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Could Lawrence Marshall be breaking through?

Four seasons into a roller coaster career, the Michigan defensive tackle finally has a role

NCAA Football: Citrus Bowl-Michigan vs Florida Reinhold Matay-USA TODAY Sports

In so many ways, May 2013 feels like decades ago in Michigan Football Time. Devin Gardner was still a promising returning starter at quarterback. Michael Ferns (remember him?) was handing out “Building a Class” T-shirts. The Brady Hoke era was looking rosy as he pulled in high-profile recruit after high-profile recruit. And Lawrence Marshall put an end to one of the weirdest recruitments ever.

He committed to Ohio State on February 10 of that year. He visited Michigan State on February 12 and Michigan on February 13 … and decommitted from the Buckeyes the same day. For most of the next three months, he was considered a strong Michigan State lean, visiting the Spartans’ campus six more times and Michigan zero. On May 11, he committed to Michigan.

At the time, he was a 6’3, 225-pound weak-side defensive end prospect with pass rush upside. Scout was most bullish on him, listing Marshall as the 89th-ranked player overall, but all the recruiting services ranked him firmly in the top 200. He was scouted as long, athletic, and a potential impact edge rusher if he could bulk up enough to get bumped down from linebacker to putting his hand on the ground. His athleticism was such that during one camp even took reps at wide receiver (!).

Marshall showed up on campus before the 2014 season and received years of spring and summer hype with almost no performance. His first career tackle came in the Citrus Bowl against Florida in Harbaugh’s first season. He made five tackles all of last season. This concludes all the information on the stat sheet for the redshirt junior. Marshall’s career has been marked by a regular drumbeat of excitement but rumors of discipline issues and few on-field contributions.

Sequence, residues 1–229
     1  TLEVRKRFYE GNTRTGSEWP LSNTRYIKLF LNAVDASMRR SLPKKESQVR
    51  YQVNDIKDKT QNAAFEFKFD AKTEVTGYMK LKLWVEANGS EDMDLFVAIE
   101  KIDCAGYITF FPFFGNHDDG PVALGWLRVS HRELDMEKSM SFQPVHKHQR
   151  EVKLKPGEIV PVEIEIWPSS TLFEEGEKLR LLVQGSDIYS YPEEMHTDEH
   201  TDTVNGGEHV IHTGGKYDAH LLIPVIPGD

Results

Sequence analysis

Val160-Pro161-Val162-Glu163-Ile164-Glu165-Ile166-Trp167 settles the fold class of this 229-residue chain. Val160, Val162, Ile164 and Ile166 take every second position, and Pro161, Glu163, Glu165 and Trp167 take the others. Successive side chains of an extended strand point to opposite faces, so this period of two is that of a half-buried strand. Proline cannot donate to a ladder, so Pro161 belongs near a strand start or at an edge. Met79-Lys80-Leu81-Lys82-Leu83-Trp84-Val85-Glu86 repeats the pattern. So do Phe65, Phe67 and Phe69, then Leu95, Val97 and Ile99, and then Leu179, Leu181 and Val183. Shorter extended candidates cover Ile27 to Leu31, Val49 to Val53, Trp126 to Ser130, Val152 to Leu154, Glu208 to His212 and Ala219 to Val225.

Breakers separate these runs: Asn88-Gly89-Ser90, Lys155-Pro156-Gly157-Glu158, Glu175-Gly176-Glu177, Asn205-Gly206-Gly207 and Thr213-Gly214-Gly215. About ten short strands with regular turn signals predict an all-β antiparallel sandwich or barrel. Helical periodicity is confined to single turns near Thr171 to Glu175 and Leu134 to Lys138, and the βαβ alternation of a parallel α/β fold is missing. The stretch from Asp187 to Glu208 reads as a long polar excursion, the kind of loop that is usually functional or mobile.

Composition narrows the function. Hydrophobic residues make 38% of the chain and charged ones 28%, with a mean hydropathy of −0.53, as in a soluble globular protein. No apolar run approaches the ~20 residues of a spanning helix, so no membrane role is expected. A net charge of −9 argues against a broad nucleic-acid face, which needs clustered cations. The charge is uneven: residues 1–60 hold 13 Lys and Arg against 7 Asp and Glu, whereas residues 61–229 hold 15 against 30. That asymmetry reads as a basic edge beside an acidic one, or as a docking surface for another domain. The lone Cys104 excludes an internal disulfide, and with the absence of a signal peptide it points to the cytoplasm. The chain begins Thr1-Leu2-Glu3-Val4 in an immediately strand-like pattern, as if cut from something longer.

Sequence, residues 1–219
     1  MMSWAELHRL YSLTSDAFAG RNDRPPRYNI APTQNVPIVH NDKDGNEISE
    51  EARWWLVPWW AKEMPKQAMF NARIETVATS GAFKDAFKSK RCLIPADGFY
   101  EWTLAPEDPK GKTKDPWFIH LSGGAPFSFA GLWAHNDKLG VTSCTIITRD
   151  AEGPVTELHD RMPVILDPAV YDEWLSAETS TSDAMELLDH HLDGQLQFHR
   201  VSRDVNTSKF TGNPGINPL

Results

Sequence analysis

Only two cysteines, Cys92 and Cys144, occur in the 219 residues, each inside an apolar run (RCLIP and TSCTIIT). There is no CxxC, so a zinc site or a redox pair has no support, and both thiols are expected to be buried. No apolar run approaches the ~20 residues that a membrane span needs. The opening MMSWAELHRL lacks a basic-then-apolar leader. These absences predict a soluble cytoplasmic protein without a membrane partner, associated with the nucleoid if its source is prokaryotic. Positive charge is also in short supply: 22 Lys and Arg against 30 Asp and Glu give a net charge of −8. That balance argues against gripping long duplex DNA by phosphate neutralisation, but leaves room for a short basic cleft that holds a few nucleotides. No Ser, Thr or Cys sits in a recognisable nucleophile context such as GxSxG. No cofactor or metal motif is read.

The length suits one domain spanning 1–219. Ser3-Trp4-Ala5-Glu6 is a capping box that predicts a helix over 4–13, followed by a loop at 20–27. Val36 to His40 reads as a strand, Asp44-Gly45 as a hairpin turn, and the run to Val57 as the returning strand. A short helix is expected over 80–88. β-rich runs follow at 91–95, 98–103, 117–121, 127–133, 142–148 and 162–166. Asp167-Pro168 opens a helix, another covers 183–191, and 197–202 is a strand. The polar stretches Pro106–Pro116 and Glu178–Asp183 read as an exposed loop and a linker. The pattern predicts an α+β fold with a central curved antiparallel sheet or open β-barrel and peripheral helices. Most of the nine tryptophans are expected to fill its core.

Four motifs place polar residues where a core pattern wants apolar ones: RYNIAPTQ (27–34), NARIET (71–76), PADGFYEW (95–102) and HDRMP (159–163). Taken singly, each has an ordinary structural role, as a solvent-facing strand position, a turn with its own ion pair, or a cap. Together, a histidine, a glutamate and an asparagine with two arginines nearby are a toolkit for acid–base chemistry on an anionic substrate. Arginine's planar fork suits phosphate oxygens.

On signing day this year, as Michigan fans were bracing themselves for a 2017 football season with virtually zero backup defensive tackles if Aubrey Solomon committed elsewhere, defensive line coach Greg Mattison announced Marshall had bulked up to 280 and would be repping at three-technique during the spring. It felt a little bit like a Hail Mary for the coaching staff.

Flash forward to the opener against Florida on September 3 and here we are.

That’s Michigan’s former future edge rusher playing nose guard in the 3-3-5 Michigan unveiled against Florida. (He also recovered that fumble.) Sure, flattening Brandon Powell and recovering an early Feleipe Franks Christmas present was the highlight, but notice how Marshall disengages from his (admittedly stonewalled) pass rush on the far hash to go to the opposite sideline and get himself in position to make that play. That kind of effort is what Jim Harbaugh is looking for.

He was functionally Maurice Hurst’s only backup at that spot in the 3-3-5 for the duration of both the Florida game and the Cincinnati game. He didn’t get plowed in the run game, as some had feared he might, and you know that somewhere in there is the old pass rushing demon that he was once recruited to be.

Aubrey Solomon has mostly gotten snaps during garbage time, so it’s safe to say that Marshall is higher on the depth chart and playing better in practice. That might not continue forever - Michigan has plenty of freshman talent, after all - but if the two games so far are any indication, Marshall will be playing an important role on this team for the foreseeable future.

And for a guy whose career seemed toast this February (late-career position switches being what they are), we’ll take it.